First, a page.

When you do the “drug deals”, and order large quantities of products, the situation may arise that the product mysteriously “grows legs and walks off”. The industry term for this is inventory shrinkage. Many owners think this is not possible and it does not happen in their practices, but it does happen more often than they think. Quite often the perception is that there is so much product there, that no one will miss one or two packs of flea/tick control or heart worm preventative, etc., when those packs can easily represent a cost of $50-$100, not to mention the loss of profit on a future sale to a client. By ordering only the inventory you need for the week, you can monitor your inventory counts more effectively, especially on your higher cost items because it is more obvious when shrinkage or theft occurs.
Inventory tracking by regular counts of the inventory should take place at least quarterly, with corresponding updates or adjustments to correct balances in the inventory module of your practice management software and financial statements. We recommend on expensive medications to count them weekly to send the signal that these high cost medications are being monitored regularly
An effective way to double check if you’re controlling your inventory costs is to calculate your “inventory turns” per month. To calculate this number, divide your cost of sales (COGS) from the previous year by your total year-end inventory figure from your balance sheet. By comparing your current inventory turns to your end of year number, you can track your continued improvement. We have found that well-managed practices will have inventory turns of one time per month or twelve times or greater inventory turns annually.
Controlling expenses related to inventory is only a part of the solution. Adequate markups and adjustments for inflationary costs on a regular basis are equally and extremely important. Practices should also evaluate the pricing on pharmacy & outside laboratory services to insure margins are enough to cover costs and compensate the veterinarian for the sale. We often see, especially with practices in rural areas, inadequate markups. This is tied to the idea of trying to compete with the internet, or with the local feed store. By lowering the markup on products, inventory costs (COGS) as a percentage of revenue often goes well above 30% of revenue. Product sales may be healthy, but if the practice is stocking and selling the products at too low of a margin, it can adversely affect the practice’s profit and value. The end results are an increase in practice gross revenue but a decrease in profit and subsequent practice value. Remember you can’t compete with mass merchandiser on prices. The best thing is to offer a competitive pricing, convenience, manufacturer’s warranties, rebates and excellent service to maintain the practice’s market share.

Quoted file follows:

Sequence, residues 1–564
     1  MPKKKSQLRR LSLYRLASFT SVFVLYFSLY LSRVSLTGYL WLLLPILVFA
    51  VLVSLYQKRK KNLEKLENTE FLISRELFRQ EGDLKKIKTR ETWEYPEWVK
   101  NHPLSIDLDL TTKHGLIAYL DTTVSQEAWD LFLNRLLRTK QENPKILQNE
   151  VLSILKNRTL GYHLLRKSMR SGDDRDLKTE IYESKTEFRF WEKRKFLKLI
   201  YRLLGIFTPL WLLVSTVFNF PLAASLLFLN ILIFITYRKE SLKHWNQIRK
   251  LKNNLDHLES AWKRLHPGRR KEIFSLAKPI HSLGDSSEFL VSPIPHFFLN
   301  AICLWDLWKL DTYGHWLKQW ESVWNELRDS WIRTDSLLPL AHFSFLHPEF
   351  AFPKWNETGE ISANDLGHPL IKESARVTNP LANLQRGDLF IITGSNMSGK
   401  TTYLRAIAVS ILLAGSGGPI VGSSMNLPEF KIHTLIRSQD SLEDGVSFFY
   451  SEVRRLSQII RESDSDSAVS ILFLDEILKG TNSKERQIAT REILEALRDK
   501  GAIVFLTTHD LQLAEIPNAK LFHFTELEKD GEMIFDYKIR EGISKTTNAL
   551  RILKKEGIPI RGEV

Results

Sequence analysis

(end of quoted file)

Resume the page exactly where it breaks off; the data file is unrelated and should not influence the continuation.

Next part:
One of the best ways to monitor the practice’s overall revenue and expenses, and we highly recommend the implementation and use of the AAHA/VMG chart of accounts for recording revenues, drugs & supplies and other expenses. It is available at no charge from www.aahanet.org.
We know it is difficult to wear so many hats in a veterinary practice such as Chief of Staff, Practice Manager, Human Resource Manager and still practice veterinary medicine. We want to give you the tools to succeed and grow your practice. At Simmons & Associates can help you to identify and make the changes necessary to make your practice more profitable and valuable over time. Contact the Simmons representative in your area (www.simmonsinc.com) for more information on a practice valuation for management, especially if you plan on exiting your practice in the foreseeable future.